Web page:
Start with Premium Before Freemium

Don't defer testing one of the riskiest assumptions in your business model

The thinking goes that when launching a new product, it’s often a good idea to lower friction by giving away your product for free so you can

1️⃣ Learn from users
2️⃣ Get them to try before they buy
3️⃣ Set pricing based on what users would be willing to pay

On the surface, Freemium seems like the best of both worlds: Get users to try your service without worrying about the price, then upsell them into the right premium plan later.

But the reality is quite different.

In this issue, I will detail several pitfalls of starting too early on freemium and make a case for what to do instead.


The Problems with Starting With Freemium

At the outset of a new product launch, you don’t know what you don’t know, often resulting in a poorly performing product.

Let’s walk through these problems and outline why they happen.

1. Low or no conversions.

Many founders make the mistake of giving away too much under their free plan, which leads to low or no conversions. This happens because they don’t have usage data to correctly define the FREE plan so that users naturally outgrow it at some predictable time.

2. Lack of focus.

When you have a lot of free users, it’s hard to focus your attention on the right feedback. With average freemium conversion rates of 0.5%-3%, most of your free users will never become customers. However, when given the opportunity, everyone can be a critic. Who do you pay attention to?

3. Delays learning about your riskiest assumption.

Pricing is one of the riskiest assumptions that can make or break your business model and should be tested as early as possible. Freemium delays this learning. Time is the most valuable resource for a startup, and you can’t afford such long learning cycles on something as critical as price.

4. Free Users aren’t really “free.”

Even though the operational costs of carrying a free user may seem low, they aren’t zero. Other than server bandwidth/hosting costs, there are support, feature, and learning costs (like the ones described above) that need to be considered. Unless free users add participatory value (in a multi-sided model), they are a marketing expense.

How to Approach Freemium

The first step is recognizing that freemium is a marketing tactic, not a business model.

There is no business in free.

You need to first build a working business model, then back into free, if appropriate for your product, when you have more data on your side.

Mailchimp is frequently cited as one of the Freemium model success stories, but too often, people fail to recognize that Mailchimp didn’t start with a free plan. They spent years building a powerful, affordable (but not free), profitable product first, with years of pricing experimentation, before backing into a free plan.

Here are the steps in more detail.

1. Start with the premium part of Freemium first.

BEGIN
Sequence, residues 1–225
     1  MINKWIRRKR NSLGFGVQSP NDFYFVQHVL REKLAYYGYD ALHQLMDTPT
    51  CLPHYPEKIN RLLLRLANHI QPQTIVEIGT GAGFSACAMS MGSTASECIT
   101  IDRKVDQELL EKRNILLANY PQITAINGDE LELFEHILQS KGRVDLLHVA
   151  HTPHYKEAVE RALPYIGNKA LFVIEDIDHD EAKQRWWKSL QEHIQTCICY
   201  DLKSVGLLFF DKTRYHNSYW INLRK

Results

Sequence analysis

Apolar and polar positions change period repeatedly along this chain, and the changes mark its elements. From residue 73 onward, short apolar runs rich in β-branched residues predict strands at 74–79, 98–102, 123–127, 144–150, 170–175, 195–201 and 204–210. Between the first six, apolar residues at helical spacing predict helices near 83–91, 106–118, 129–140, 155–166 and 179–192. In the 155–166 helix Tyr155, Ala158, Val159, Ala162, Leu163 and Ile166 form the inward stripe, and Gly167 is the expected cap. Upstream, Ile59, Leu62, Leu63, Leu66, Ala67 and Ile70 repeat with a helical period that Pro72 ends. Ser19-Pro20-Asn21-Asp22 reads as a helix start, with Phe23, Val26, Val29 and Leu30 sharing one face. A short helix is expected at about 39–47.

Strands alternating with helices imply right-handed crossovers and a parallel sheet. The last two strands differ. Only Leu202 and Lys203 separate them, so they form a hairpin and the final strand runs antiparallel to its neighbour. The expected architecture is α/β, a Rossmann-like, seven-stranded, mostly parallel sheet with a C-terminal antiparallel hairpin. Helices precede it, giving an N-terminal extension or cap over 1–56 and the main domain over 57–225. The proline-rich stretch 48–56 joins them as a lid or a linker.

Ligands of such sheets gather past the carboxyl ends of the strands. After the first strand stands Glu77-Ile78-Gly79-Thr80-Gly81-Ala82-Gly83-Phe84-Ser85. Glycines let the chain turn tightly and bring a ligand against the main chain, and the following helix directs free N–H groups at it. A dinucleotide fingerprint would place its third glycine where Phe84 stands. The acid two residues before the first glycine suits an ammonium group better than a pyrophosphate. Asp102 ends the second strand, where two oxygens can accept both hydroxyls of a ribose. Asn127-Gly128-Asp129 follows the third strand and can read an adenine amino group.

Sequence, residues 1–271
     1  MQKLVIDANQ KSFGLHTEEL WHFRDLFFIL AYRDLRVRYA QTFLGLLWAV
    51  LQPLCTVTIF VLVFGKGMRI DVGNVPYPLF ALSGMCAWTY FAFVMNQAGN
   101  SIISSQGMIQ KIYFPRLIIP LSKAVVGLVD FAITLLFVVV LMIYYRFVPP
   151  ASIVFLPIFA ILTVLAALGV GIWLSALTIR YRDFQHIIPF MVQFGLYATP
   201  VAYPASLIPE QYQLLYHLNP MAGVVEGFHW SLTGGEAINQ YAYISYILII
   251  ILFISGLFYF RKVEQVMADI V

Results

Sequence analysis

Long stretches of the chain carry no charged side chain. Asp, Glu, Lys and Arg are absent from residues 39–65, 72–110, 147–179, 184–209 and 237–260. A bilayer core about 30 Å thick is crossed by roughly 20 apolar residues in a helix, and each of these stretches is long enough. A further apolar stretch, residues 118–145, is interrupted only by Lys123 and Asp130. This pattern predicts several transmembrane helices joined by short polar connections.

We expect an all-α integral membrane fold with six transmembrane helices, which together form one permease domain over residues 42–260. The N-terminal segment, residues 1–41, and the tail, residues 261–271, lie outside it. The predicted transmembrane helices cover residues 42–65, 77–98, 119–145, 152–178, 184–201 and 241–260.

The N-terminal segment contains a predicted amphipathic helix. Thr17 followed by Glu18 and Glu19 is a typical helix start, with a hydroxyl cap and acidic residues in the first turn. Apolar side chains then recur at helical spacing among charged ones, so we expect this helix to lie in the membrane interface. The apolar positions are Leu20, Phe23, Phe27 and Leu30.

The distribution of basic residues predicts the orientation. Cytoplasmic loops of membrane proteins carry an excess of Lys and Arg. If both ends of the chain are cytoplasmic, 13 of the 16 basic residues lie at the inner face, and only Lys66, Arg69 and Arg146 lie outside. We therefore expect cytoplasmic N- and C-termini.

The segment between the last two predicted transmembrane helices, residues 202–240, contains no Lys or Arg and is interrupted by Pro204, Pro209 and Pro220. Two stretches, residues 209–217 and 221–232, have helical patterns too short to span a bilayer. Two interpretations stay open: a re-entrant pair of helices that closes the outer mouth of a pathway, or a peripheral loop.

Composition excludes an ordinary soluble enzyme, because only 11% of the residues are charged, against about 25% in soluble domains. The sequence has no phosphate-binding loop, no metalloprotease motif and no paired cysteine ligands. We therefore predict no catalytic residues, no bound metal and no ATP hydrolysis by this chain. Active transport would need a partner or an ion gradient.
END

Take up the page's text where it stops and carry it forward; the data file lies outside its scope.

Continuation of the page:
Once you recognize Freemium as a marketing tactic and consciously decide to shorten the validation cycle, it makes sense to start with the premium part of Freemium first.

In other words, first validate your value proposition with paying customers, then back into a free plan. Once you have learned how your customers are using your product, you can always offer a Free plan if you want to. You would have collected valuable usage data along the way, which puts you in the best position to design multiple upstream and downstream plans.

You don’t need a lot of users to learn. Just a few good customers.

2. Start with a single pricing plan.

Starting with multiple plans that cover everyone under the sun is a form of waste. I’ve seen startups launch with plan options targeting 1-person startups to 1000+ person enterprises.

Not only does supporting multiple plans require more work to support plan/feature segmentation, but the return on learning is diluted when you attempt to target multiple customer segments simultaneously.

The more significant point here, though, is that when you’re starting, you don’t yet have enough information to know how to price or segment the feature set into multiple plans correctly.

Charge your customers from Day One.

3. Focus on a single primary early adopter segment.

Pick features and a plan based on what your early adopters will pay for today and sign them as your first customers. Not only is this more straightforward to build, but it’s also simpler to measure.

Early adopters aren’t price-sensitive but value-seeking

4. Use a “Free Trial” plan.

Time-based trials versus unbounded free plans help time-box your pricing experiments so you can force a conversion decision, which allows you to learn and iterate faster.

Trials are a great forcing function for keeping you accountable.

5. Offer a “Free plan” when you are ready

A good Free plan should ideally behave similarly to a Free Trial. The difference is that while a Free Trial is time-based, Freemium is usage-based.

If you understand the usage pattern of your product, you should be able to design the Free plan so that a user naturally outgrows it at some point X in the future that you can reasonably predict.

At that point, the difference between Freemium and Free Trial is the perception of offering something FREE, which is a big enough difference (because of the irrationality of providing something for free) to warrant using Freemium for certain types of products.

FREE is powerful when weilded correctly.

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